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Turner Broadcasting System, Inc. (also known simply as Turner) is an American media conglomerate that is a division of Time Warner and manages the collection of cable television networks and properties initiated or acquired by Ted Turner. The company was founded in 1970, and merged with Time Warner on October 10, 1996. It now operates as a semi-autonomous unit of Time Warner. The company's assets include CNN, HLN, TBS, TNT, Turner Classic Movies, Cartoon Network/Adult Swim, Boomerang and TruTV. The company's current chairman and CEO is John K. Martin. The headquarters of Turner's properties are located in both the CNN Center in Downtown Atlanta and the Turner Broadcasting campus off Techwood Drive in Midtown Atlanta, which also houses Turner Studios. Across Interstate 75/85 from the Techwood campus is the original home of Turner's WTBS superstation (now separated into its TBS cable network and Peachtree TV), which today houses the headquarters of Adult Swim and Williams Street Productions.

History

1970's

In 1970, Ted Turner, then owner of a successful Atlanta-based outdoor advertising company, purchased WJRJ-Atlanta, Channel 17, a small, struggling Ultra High Frequency station, and renamed it WTCG, for parent company Turner Communications Group. By careful programming acquisitions, Turner guided the station to success. During December 1976, WTCG originated the "superstation" concept, transmitting via satellite to cable systems.

On December 17, 1976 at 1:00 pm, WTCG Channel 17's signal was beamed via satellite to its four cable systems in Grand Island, Nebraska; Newport News, Virginia; Troy, Alabama; and Newton, Kansas. All four cable systems started receiving the 1948 Dana Andrews - Cesar Romero film Deep Waters already in progress. The movie had started 30 minutes earlier. WTCG went from being a little television station to a major TV network that every one of the 24,000 households outside of the 675,000 in Atlanta was receiving coast-to-coast. WTCG became a so-called Superstation and created a precedent of today's basic cable television.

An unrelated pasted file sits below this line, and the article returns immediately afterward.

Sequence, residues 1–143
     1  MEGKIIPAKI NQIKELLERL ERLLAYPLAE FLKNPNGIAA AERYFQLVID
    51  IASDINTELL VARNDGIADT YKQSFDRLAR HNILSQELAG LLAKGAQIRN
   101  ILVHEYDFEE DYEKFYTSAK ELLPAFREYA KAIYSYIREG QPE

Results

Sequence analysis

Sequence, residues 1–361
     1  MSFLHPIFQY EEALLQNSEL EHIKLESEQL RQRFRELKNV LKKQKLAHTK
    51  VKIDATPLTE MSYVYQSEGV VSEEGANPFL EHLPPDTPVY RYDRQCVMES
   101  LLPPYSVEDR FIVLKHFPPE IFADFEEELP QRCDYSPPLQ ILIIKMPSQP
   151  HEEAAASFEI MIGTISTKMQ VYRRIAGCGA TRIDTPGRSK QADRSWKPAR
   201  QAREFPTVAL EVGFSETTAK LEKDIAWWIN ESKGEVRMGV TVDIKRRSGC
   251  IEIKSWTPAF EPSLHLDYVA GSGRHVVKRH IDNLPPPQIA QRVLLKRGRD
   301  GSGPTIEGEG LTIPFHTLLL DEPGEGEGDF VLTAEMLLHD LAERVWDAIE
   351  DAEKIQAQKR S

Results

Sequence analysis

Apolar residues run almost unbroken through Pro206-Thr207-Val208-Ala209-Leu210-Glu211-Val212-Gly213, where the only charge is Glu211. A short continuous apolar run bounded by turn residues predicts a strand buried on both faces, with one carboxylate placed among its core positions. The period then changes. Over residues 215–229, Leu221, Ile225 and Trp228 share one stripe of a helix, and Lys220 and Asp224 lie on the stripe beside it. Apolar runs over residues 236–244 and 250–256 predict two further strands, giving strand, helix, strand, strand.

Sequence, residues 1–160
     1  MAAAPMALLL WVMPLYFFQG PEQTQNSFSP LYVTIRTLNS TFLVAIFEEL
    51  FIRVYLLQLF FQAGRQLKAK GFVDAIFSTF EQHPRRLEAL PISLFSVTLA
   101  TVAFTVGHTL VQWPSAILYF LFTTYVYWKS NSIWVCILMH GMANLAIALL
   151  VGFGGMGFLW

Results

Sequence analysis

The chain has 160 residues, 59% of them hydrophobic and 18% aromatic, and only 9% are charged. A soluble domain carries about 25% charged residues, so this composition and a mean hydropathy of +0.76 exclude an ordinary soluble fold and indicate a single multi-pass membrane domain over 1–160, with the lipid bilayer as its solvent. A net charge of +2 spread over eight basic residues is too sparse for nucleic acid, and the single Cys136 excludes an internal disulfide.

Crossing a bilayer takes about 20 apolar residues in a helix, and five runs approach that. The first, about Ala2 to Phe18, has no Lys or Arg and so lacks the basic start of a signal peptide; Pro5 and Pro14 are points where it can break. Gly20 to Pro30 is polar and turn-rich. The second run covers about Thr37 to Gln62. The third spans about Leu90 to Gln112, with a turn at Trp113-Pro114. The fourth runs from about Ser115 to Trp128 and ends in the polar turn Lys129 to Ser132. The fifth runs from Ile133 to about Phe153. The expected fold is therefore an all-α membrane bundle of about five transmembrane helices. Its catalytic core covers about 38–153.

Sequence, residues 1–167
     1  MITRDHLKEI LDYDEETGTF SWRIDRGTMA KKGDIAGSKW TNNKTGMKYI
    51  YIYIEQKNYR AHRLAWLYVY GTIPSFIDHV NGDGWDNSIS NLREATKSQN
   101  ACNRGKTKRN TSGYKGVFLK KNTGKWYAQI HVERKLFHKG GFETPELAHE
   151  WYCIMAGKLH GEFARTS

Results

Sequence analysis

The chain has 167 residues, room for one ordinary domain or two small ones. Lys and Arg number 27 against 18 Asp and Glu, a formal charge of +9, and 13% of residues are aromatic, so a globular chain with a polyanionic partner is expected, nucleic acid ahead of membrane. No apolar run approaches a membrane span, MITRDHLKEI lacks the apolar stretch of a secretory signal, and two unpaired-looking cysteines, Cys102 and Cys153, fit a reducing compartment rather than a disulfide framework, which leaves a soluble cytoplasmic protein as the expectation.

HBO had gone to satellite transmissions to distribute its signal nationally in 1975, but that was a service cable subscribers were made to pay extra to receive. Ted Turner's innovation signaled the start of the basic cable revolution.

In 1979, the company changed its name to Turner Broadcasting System, Inc. (TBS, Inc.) and the call letters of its main entertainment channel to WTBS.

1980's

On June 1, 1980, CNN was launched at 17:00 EST becoming the first 24-hour news cable channel. The husband and wife team of Dave Walker and Lois Hart news anchored the first newscast, Burt Reinhardt the then executive vice president of CNN, hired most of CNN's first 200 employees & 25-member staff including Bernard Shaw, the network's first news anchor.

In 1981, Turner Broadcasting System acquired Brut Productions from Faberge Inc.[8]

In 1984, Turner initiated Cable Music Channel, his competition for WASEC's MTV. The channel was short-lived, but helped influence the original format of VH1.

In 1986, after a failed attempt to acquire CBS, Turner purchased the film studio MGM/UA Entertainment Co. from Kirk Kerkorian for $1.5 billion. Following the acquisition, Turner had an enormous debt and sold parts of the acquisition. MGM/UA Entertainment was sold back to Kirk Kerkorian. The MGM/UA Studio lot in Culver City was sold to Lorimar/Telepictures. Turner kept MGM's pre-May 1986 film and TV library as well as the Associated Artists Productions library (the pre-1950 Warner Bros. film library and the Fleischer Studios/Famous Studios Popeye cartoons originally released by Paramount Pictures), the U.S./Canadian distribution rights to the RKO Pictures library, and Gilligan's Island and its animated spin-offs. Turner Entertainment Co. was founded on August 4, 1986.

On October 3, 1988, the company launched Turner Network Television (TNT).

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